Meetings That Don’t Suck: Making Progress

Meetings That Don’t Suck: Making Progress

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Making Progress

One of my favorite elements of the Harry Potter series was the next book or movie always picked up where the last one left off. It was one story, not 7 stories with the same title. There's a feeling of progression and completeness. So let's use that same type of connection to Lead Meetings that Don't Suck.

Most people in meetings are hoping they are somewhere else, like getting their "real work" done. Not only are terrible meetings painful to suffer through, they are bad for the bottom line as well. It's estimated that ineffective meetings cost organizations almost $40 Billion dollars every year.

What exacerbates the sucky meeting problem is the feeling that you are reliving groundhogs day. You go into one meeting after another and it feels like you and the team are still dealing with issues that were supposed to have been closed, dealt with, or done already. Somehow no one is making sure we aren't dealing with the same items over and over again.

This happens when you or the meeting leader don't start with follow-ups and end with the next steps. Again, simple like having a solid agenda. Your agenda isn't complete without follow-ups and next steps. This is how you track progress and keep your project and team on track.

Challenge & Promise

Here’s the Challenge: During this series, I will share at least 4 meeting hacks that will help you to lead meetings that don’t suck. After this short leadership coaching series, you will have the tools you need to lead meetings that are effective and engaging and get results.


The way you start your meeting will set the tone for the meeting. If you start late or just jump into today's crisis it's easy to forget to begin your meeting where your last meeting ended. You've sat in these meetings wondering if anyone was going to systematically address the action items from the last meeting.

Meetings That Don’t Suck: Making Progress

Here are 4 ways you cause your team to disengage if you don't address last meeting's action items...

  1. You imply that progress and results aren't important.
  2. You discourage those who did make progress by not giving them a chance to share their progress.
  3. You encourage those who made no progress because now they know that there's no accountability.
  4. You confuse everyone because this meeting will seem disjointed from reality.

When you start with follow-ups you set the tone that this meeting is about making progress and moving forward. You put everyone on the accountability train. This does so much for your team's engagement.

  1. They come ready to talk about progress and obstacles.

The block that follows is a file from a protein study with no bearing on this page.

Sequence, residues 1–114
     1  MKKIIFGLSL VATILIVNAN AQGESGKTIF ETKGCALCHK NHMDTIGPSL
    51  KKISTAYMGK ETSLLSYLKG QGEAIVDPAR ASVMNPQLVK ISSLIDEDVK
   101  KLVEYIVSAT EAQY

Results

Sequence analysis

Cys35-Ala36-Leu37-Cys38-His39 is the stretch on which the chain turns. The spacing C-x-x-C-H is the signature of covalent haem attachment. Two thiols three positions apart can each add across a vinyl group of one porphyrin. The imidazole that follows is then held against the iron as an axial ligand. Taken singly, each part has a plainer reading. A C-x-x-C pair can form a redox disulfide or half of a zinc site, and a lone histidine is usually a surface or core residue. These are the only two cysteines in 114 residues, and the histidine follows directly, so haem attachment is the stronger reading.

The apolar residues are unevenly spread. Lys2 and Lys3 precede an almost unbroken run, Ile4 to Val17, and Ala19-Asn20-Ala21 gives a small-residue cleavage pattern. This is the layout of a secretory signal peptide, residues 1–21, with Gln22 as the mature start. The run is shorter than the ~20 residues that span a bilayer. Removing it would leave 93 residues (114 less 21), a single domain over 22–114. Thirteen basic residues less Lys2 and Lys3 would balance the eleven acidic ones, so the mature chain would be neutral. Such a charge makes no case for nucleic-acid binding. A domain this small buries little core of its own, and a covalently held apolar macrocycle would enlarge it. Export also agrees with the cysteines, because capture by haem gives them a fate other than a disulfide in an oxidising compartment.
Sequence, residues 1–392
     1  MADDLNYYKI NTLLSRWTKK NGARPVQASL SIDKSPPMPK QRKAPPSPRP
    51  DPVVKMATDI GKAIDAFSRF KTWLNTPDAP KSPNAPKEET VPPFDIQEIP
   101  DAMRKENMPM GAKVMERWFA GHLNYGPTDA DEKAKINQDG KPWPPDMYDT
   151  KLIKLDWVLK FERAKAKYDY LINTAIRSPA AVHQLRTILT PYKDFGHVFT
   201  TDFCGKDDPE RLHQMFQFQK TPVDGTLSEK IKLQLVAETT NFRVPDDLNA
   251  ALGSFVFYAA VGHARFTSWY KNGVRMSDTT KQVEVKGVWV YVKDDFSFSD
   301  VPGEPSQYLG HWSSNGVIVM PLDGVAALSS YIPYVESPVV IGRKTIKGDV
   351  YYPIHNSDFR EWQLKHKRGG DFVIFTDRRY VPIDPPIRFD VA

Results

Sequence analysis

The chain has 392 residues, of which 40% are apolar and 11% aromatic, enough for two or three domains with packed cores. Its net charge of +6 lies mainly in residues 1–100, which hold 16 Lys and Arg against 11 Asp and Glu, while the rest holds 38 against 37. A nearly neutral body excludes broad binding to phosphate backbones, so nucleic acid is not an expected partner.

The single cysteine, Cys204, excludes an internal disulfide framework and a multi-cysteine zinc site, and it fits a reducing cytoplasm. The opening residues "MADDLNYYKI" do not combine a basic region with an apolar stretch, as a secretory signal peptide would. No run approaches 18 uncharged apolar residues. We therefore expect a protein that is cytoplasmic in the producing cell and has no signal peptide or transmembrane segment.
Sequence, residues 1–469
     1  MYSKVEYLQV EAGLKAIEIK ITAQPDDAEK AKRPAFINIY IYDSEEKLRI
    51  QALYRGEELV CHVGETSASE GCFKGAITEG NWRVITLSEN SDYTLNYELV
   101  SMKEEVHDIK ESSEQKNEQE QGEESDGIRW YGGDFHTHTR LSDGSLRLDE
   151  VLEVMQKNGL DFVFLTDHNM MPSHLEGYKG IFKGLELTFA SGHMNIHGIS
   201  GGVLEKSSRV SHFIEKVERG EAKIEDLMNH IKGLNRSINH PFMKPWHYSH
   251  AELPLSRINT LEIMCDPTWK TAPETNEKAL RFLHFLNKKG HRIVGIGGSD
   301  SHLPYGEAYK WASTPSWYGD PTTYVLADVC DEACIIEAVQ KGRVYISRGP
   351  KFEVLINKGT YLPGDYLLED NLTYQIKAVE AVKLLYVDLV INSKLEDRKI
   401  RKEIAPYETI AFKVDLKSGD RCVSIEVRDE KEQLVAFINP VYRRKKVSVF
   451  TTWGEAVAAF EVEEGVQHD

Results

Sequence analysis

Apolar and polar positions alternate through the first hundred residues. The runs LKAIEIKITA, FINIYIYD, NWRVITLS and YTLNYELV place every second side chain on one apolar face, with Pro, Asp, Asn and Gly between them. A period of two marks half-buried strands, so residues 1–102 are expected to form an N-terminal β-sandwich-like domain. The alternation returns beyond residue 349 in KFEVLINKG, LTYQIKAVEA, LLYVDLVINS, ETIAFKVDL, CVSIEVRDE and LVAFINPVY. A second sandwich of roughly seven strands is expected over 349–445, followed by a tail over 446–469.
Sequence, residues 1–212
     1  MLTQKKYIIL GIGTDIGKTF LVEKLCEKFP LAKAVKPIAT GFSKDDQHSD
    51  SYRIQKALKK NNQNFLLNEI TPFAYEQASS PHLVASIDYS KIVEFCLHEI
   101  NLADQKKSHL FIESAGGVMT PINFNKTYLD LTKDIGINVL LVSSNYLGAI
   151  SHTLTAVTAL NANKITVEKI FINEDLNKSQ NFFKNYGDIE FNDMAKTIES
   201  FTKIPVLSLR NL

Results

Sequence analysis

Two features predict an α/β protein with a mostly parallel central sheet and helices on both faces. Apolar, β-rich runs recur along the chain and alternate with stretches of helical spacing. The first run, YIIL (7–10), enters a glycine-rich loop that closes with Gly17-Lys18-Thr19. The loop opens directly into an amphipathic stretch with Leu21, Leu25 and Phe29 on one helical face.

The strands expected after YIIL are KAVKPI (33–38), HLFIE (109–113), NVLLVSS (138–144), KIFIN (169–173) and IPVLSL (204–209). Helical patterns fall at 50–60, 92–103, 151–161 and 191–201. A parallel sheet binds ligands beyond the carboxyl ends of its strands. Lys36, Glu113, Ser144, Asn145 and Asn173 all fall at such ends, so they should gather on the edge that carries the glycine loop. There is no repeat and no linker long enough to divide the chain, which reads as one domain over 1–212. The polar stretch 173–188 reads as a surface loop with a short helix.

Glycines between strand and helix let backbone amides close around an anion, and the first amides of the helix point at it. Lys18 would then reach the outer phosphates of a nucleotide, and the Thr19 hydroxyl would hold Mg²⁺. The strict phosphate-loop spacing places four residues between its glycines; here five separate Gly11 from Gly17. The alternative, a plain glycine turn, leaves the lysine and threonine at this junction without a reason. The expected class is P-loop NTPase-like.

2. They understand that progress was supposed to be made.
  3. You have an opportunity to provide assistance to teammates who might be struggling.
  4. You show you are serious about deadlines, progress, and results, i.e. accountability.

Follow-ups are simple to implement and my coaching clients often see a marked improvement in their team's engagement, preparation, and participation in meetings

Next Steps

Just as important as beginning your meeting where the last meeting left off is ending the meeting with clear next steps. Have you ever walked out of a meeting wondering "what the heck and I supposed to do?" Yeah, you aren't alone.

Meetings That Don’t Suck: Making Progress

Often the only person who's clear on next steps after a meeting is the leader. Let's fix that. And their clarity blinds them to the need to make sure everyone else in the meeting is clear on next steps.

This agenda item is also focused on accountability - helping your people succeed instead of waiting for them to fail. This doesn't have to take a long time, about 10 minutes should usually suffice depending on how big the agenda was. If you are still piling too much into your agendas, check out the first part of the series.

Ensuring next steps are actionable requires very little effort, but the results are going to blow you away.

  1. Take notes during the meeting of outcomes you expect and who you expect to do them.
  2. Read aloud the next steps that you captured.
  3. Ask the note-taker for the meeting if there were other next steps that you missed.
  4. As you are reading them, address the person that will be responsible for the outcomes.
  5. Ask them what they heard.
  6. Do this for every next step you have identified.

Remember, assume your team members don't know what is expected of them until they say the words themselves. So ask them and wait for them to answer.

What ideas do you have around making meetings not suck? Drop your comment below and don't forget to share this post if you got something out of it.

Until next time,

Make today count!

About the author 

Dr. David Arrington

David a husband, father and the principal of Arrington Coaching. He and his team work with leaders, teams, organizations, and entrepreneurs. He regularly speaks and writes on leadership development, team alignment, and peak performance.

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